Iran managed to undermine Siniora’s ‘government’ internally but was not capable of toppling his ‘regime.’ Hezbollah’s Hassan occupied the ‘Sunni’ heart of the capital, pitching tents beside al Hariri’s tomb and surrounding Siniora’s ‘headquarters’. But when he sought to magnify the encampment into a strike and a sit-in that would paralyze the country and regime, his taking to the mob-filled streets, armed with political dialogue, was met with the possibility of a civil war that Lebanon would inevitably lose, and the Shia and Iran cannot win.

Thank God Bush didn’t send 21,000 troops to save Siniora who is under siege in the government headquarters. No, Bush settled for US $2 billion equally paid by his treasury and his ‘World’ Bank. Khamenei’s sense of the hot American ‘iron’ prompted him dispatch Larijani to Saudi Arabia; the only Arab state with which Iran still can speak with candor, knowing that its considerable political weight enables it to publicly express reservations about America’s conduct in the region, and to resist any military strike against Iran.

Through the Saudi-Iranian contacts, in addition to the Custodian of the Two Holy Mosques, King Abdullah Bin Abdulaziz’s, statements in which he expressed his concern over Arabism and the Sunnis, it seems the two countries did not reach some form of synchronicity, it rather led to an understanding of the present without further escalation. Perhaps it was Khamenei’s restraint of Ahmadinejad that allowed the Saudi ambassador to Lebanon to resume contacts with Nabih Berri and his partner, Hezbollah’s Hassan, in hope of succeeding.

One reason behind the Saudi reservation was Condoleezza’s insistence that the Arab foreign ministers should ‘back’ al Maliki’s government; they had just gotten over the shock of Saddam’s execution on the day of Eid-ul-Adha [Muslim Feast of the Sacrifice]. Meanwhile her president, Bush, blamed and chided al Maliki for his tardiness in reconciling with the Sunnis and pursuing the al Sadr’s militias that support him [al Maliki].

Bush’s determination for a settlement in Baghdad does not dispel his confused position towards the ruling Shia parties neither does it repudiate the obscurity of his relation with al Maliki’s government. Bush’s hesitation baffles the Arabs who backed the new American strategy. Bush prepared the American ‘rescue’ troops to discipline the ‘ill-behaved boy,’ but the American reinforcements involved al Maliki in their third strike against the residents of the Sunni street of Haifa under the pretext of hunting Sunni terrorists. With the help of al Maliki and al Sistani, noble boy Muqtada along with his militias successfully fled Baghdad to the Shia depth of the south.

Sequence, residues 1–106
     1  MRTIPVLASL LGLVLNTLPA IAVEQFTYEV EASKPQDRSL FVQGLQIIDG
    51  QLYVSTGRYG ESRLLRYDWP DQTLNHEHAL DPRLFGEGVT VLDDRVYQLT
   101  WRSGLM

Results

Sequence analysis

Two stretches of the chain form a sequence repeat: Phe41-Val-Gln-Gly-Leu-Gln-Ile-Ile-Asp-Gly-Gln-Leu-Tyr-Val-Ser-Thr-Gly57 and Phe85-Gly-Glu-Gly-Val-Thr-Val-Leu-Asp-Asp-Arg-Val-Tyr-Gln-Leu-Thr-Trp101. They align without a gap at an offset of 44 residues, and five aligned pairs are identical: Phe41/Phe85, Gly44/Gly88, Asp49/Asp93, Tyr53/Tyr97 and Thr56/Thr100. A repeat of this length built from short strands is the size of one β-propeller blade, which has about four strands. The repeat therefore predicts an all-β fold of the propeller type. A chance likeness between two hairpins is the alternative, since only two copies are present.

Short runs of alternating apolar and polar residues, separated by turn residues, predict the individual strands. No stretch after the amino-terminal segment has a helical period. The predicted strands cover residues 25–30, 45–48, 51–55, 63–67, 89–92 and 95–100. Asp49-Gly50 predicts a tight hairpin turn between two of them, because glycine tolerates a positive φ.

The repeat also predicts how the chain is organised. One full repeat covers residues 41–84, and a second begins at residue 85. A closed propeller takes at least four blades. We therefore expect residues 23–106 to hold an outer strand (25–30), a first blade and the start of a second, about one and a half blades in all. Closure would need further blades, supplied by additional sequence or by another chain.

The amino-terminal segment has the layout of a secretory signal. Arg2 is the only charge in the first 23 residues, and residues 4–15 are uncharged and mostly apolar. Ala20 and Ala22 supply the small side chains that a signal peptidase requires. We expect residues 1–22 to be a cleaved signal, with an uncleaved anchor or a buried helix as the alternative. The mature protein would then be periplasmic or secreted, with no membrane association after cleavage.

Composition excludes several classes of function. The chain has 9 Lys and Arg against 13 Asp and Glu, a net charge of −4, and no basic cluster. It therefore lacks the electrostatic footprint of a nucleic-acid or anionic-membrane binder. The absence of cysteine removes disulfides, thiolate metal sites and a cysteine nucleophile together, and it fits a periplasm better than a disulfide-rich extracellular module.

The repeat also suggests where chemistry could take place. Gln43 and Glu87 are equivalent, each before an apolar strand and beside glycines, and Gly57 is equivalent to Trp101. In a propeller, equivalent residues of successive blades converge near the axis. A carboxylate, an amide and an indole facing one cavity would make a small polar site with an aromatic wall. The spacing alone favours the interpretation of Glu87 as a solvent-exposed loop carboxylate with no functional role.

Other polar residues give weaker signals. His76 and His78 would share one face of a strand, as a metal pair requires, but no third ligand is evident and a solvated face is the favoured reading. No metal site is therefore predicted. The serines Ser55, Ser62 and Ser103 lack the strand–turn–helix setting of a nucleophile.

The condensation of American clouds continues, its anti-Tehran verbal threat crescendo on the rise, add to that the pursuit of the latter’s agents who have snuck into Iraq (31,000 agents’ names were published by the oppositional Mujahedin e-Khalq organization), and the marine mobilization and the deployment of anti-missile missiles in the Arabian Gulf and Eastern Europe.

Amr Moussa, who had predicted that ‘gates of hell’ would be flung open if America attacked Saddam’s Iraq, similarly now predicts that another of hell’s gates will unbolt if America attacked Ahmadinejad’s Iran.

The Palestinian scene is not separate from the Iraqi or Lebanese scenes in any way. During the polarization process between America and Iran, two Palestinian birds are engaged in fighting while inside the occupation’s cage! Dozens are killed and injured in Palestine using Palestinian bullets! It is a fight between settlement and rejection. The Arab’s attempt has so far failed to extricate Hamas from Iran.

Tehran finances the Hamas militias, and Israel releases Palestinian money to finance Abbas’s militias. Jordan prosecutes Hamas members who brought in Iranian Katyusha rockets through the Syrian borders. Iran and Syria allowed Mishal to meet Abbas in Syria but didn’t allow them to agree to a ‘national unity’ government.

The scene is agonizing, and direction poor. The victims are millions of Arabs. Those who watch in silence cannot intervene and cannot guard life. Bullets are blind in their killing, whether fired by the guns of the occupation or by those of the ‘protectors’ of resistance and jihad.

Everyone has been rendered atrophic and incapacitated: Bush, al Maliki, Abbas, Mishal, Haniyeh, Olmert, Siniora and Hezbollah’s Hassan.

So, what is the solution? The solution is to create a state for Hamas in Gaza and another for Fatah in the West Bank. Long live the slogan “This revolution arose to last.”

Ghassan Al Imam

Ghassan Al Imam

Ghassan Al Imam is a Syrian writer and journalist based in Paris.